Micro and Nanostructured Materials and Devices for Biomolecular Analysis
Department of Mechanical Engineering, University of California, Berkeley
Nov. 12, 2004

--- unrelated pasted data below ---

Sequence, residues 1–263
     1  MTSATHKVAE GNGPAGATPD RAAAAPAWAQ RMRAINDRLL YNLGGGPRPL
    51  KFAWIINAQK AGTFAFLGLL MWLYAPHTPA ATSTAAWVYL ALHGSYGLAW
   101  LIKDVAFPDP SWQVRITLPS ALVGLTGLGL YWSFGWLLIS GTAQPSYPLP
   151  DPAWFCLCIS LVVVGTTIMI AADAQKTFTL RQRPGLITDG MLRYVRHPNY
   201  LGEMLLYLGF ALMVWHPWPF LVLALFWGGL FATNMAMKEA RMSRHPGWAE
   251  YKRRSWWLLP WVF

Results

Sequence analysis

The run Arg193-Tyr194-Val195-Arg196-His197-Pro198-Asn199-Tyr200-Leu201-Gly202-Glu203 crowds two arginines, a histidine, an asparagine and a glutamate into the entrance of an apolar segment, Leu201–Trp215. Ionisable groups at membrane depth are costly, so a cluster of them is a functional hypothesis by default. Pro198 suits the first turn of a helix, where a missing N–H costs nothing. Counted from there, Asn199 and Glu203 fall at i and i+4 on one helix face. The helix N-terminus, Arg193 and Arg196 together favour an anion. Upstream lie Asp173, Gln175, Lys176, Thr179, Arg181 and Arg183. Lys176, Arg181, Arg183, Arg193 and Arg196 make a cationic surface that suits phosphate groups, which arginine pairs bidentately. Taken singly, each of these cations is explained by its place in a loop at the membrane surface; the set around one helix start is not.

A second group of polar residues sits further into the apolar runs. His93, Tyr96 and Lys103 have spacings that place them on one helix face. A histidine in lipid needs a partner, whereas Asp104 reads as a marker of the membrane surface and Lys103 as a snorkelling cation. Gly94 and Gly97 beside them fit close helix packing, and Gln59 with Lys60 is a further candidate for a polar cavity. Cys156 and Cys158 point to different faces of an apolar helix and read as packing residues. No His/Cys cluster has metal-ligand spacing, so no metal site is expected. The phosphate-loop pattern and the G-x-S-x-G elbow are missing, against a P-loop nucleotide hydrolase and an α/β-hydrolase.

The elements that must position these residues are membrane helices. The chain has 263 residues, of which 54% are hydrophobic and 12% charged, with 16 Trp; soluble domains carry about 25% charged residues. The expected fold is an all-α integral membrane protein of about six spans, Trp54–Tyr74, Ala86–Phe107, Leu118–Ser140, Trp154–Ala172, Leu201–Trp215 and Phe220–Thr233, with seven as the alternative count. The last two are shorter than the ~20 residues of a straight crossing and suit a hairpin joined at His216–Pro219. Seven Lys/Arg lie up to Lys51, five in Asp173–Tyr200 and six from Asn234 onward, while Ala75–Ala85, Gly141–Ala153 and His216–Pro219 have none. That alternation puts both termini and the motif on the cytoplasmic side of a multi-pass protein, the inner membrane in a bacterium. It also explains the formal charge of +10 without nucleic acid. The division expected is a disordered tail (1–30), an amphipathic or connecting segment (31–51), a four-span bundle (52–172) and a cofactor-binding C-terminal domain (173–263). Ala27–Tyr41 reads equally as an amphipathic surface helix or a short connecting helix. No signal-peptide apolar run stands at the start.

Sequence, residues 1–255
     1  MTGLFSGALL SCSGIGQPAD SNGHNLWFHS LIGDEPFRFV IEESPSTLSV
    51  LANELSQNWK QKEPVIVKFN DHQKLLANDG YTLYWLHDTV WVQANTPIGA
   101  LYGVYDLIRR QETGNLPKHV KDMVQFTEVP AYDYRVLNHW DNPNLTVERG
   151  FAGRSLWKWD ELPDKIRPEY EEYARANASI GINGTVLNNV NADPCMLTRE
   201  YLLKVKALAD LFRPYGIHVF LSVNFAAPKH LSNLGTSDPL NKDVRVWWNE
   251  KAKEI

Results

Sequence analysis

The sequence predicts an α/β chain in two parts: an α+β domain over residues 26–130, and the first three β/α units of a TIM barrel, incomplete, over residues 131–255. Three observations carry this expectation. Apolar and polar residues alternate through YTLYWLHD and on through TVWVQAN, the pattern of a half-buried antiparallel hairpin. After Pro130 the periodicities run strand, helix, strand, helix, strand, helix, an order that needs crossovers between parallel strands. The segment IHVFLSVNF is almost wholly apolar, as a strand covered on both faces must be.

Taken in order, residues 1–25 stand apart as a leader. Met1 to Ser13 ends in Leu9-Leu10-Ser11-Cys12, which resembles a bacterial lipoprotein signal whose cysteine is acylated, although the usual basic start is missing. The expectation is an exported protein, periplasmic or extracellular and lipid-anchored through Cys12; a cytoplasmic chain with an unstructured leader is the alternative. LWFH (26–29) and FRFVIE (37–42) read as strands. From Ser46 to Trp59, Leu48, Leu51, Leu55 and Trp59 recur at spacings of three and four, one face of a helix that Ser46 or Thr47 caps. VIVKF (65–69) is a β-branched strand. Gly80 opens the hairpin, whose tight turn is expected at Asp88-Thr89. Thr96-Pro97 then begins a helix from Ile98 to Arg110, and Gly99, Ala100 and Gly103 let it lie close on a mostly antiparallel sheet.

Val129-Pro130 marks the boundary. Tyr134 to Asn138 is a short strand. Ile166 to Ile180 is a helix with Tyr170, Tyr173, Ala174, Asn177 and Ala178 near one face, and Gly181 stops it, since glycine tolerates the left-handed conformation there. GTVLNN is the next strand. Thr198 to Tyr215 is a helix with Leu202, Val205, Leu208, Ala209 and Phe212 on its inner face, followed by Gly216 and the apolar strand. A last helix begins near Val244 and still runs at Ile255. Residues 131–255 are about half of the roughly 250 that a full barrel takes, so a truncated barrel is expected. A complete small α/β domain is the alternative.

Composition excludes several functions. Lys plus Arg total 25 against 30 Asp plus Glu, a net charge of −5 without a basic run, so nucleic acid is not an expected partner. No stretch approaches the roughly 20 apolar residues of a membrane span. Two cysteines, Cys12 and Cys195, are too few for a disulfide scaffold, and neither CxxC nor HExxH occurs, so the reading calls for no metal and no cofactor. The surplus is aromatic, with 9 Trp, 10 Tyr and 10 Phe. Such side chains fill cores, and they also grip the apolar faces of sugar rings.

Over the last decade, we have witnessed an exponential growth in genomic information, which was highlighted by the Human Genome Project.Accompanying that was an exponential decrease in cost per sequenced gene. While these trends are expected to continue in genomics, they also provoke the question of whether there would be similar increases in information for other biomolecules, such as proteins, which are more complex in their structure and function. As part of this talk, I will present some of our and others’ work in developing technologies that could lead to rapid biomolecular analysis. In particular, I will focus on analysis based on cantilever mechanics, electrical capacitance, nanofluidics, and nanoparticle imaging. One of the goals of this talk is to catalyze discussion on how such technologies could address important biological questions that are difficult to address otherwise.